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The dramatic life Joel Grey, ‘Master of Ceremonies’

Master of Ceremonies

By Joel Grey

Flatiron Books

256 pages, $27.99

By Ben Siegel

Self-reflection has long been a part of actor Joel Grey’s life.

As a child, he watched as his father, variety performer Mickey Katz, satirized their Jewish heritage to roaring applause. At 9 years old, Grey joined the act on the road. “The Borscht Capades” was a hit, and Grey, who didn’t know a lick of Yiddish but who learned each bit by rote, was a breakout star. After a couple of years, he was scooped up by Eddie Cantor, who put him in the “Colgate Comedy Hour,” touring nightclubs nationwide. The prodigal son of a Jewish clown.

As a young boy, his bones rattled at the chatter about Jews’ oppression in Europe; his soul shrank when his mother, a bawdy dame named Grace, casually discredited among dinner talk the homosexual lifestyle. She didn’t know her son was questioning his sexuality at the time, nor that he was fooling around with the teenage elevator operator in their posh Cleveland apartment building. Little Joel was fearful in equal measure of both his mother’s and the Nazis’ contempt for his very identity, though his love for her was unshakable.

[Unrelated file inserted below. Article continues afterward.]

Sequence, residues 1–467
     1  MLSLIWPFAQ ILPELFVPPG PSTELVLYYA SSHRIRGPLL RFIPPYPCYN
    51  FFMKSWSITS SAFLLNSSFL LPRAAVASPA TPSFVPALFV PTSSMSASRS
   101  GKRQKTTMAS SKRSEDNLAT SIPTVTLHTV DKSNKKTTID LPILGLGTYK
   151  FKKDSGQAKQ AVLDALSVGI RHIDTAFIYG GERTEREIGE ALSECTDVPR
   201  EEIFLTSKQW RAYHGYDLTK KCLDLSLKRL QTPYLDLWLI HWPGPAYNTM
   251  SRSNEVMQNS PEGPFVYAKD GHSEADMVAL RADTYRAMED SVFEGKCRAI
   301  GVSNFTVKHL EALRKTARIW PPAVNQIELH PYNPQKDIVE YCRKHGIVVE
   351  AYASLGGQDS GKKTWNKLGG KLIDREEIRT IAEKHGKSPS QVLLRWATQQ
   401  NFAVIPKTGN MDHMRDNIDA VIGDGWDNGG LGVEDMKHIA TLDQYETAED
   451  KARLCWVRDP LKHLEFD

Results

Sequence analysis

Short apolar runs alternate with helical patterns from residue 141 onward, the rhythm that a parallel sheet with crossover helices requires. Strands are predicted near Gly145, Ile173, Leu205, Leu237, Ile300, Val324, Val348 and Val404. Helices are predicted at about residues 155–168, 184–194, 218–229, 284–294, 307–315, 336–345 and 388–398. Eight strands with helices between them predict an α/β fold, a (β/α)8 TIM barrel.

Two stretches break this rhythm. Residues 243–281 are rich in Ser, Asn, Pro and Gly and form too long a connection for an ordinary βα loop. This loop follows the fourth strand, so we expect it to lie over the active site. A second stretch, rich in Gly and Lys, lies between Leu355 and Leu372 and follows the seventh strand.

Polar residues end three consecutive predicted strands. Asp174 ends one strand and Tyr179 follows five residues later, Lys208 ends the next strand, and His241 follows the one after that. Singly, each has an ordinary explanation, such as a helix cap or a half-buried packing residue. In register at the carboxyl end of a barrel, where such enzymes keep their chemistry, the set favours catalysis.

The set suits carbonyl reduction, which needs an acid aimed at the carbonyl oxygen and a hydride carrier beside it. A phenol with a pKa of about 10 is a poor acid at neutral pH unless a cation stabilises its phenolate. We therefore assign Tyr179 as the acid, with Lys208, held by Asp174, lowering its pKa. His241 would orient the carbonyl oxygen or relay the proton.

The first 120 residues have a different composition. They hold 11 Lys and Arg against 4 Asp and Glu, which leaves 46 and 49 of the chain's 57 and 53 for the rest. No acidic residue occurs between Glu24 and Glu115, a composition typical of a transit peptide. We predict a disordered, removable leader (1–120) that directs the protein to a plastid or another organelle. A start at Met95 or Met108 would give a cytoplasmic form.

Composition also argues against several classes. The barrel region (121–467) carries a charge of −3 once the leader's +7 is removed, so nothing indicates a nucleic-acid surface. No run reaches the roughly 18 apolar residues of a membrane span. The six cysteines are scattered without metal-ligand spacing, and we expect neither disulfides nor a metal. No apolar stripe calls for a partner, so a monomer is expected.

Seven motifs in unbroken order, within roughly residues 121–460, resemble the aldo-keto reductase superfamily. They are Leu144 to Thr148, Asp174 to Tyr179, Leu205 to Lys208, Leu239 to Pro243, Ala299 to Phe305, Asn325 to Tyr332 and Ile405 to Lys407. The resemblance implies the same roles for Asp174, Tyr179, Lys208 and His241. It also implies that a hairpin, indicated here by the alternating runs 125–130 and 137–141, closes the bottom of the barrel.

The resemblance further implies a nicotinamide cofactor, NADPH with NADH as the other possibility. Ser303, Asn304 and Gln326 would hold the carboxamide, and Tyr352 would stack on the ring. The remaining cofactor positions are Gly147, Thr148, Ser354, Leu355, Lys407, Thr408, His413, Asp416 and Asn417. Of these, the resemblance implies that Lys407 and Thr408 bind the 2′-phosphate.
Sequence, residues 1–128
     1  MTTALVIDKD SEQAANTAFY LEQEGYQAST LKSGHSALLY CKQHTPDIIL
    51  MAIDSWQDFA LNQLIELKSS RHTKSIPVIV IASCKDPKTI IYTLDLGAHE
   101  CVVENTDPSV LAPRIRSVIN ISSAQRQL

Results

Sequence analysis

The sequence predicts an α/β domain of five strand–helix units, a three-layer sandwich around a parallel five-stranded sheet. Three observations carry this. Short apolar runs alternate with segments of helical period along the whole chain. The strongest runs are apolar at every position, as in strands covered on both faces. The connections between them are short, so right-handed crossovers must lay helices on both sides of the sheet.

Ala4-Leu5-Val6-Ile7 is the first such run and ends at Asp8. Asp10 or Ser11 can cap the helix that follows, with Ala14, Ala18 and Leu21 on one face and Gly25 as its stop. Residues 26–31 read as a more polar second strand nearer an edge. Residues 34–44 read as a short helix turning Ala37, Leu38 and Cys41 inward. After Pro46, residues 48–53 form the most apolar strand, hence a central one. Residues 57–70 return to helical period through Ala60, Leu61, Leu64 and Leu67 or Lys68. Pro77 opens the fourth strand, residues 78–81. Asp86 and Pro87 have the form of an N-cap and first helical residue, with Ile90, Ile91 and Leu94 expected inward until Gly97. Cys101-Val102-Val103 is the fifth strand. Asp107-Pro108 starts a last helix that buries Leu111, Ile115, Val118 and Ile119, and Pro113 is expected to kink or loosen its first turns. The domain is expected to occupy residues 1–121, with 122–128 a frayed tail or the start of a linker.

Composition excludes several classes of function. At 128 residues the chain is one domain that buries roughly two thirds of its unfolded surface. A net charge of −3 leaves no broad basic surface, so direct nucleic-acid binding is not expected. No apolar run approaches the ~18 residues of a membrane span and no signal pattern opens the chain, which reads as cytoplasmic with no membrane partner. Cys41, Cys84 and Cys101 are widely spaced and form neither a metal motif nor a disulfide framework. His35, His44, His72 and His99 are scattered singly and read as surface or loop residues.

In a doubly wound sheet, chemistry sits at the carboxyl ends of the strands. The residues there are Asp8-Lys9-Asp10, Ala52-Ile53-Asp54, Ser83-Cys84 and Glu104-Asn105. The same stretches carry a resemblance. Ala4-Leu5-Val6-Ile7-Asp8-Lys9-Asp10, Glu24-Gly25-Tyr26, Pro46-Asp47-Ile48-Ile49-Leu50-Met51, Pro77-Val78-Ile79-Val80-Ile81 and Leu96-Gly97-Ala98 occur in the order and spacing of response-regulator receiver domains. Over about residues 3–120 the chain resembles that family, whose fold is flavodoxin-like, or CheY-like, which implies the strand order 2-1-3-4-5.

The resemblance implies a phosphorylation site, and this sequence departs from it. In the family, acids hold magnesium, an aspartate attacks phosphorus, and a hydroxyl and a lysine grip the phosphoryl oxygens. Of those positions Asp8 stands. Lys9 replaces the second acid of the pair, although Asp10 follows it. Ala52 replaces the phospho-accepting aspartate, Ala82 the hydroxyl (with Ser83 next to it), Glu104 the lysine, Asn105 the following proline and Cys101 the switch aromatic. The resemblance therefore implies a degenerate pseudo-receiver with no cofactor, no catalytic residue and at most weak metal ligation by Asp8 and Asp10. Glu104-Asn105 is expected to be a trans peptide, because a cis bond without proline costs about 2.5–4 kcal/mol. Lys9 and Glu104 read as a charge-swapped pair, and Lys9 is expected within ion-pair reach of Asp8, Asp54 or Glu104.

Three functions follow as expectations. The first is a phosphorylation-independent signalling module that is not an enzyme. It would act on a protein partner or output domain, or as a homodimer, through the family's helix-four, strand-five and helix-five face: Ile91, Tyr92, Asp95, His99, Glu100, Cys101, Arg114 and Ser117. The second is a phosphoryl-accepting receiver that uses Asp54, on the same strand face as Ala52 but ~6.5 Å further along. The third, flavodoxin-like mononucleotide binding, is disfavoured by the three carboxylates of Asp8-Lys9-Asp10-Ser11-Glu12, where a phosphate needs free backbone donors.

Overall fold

But the tentpole to Grey’s lifelong self-gazing was the role that made him famous, the Emcee in John Kander, Fred Ebb and Joe Masteroff’s groundbreaking 1966 musical, “Cabaret,” based on the Berlin stories of writer Christopher Isherwood. Clad in a tuxedo, with slicked-back hair, a vaudevillian’s rosy face and a swinging cane, the Emcee lured audiences of the seedy Kit Kat Klub into the German abyss, where debauchery and decadence distracted them from the decaying rise of Nazism above ground. The role was built to entice and arrest patrons – the original “shock and awe” – for their unwilling complicity in this masterful sleight-of-hand. Secrets and lies, with plenty of rouge.

Hovering above the stage was a large mirror, angled downward at the audience, reflecting first their frivolity, then confusion, then disgust, and ultimately, shame.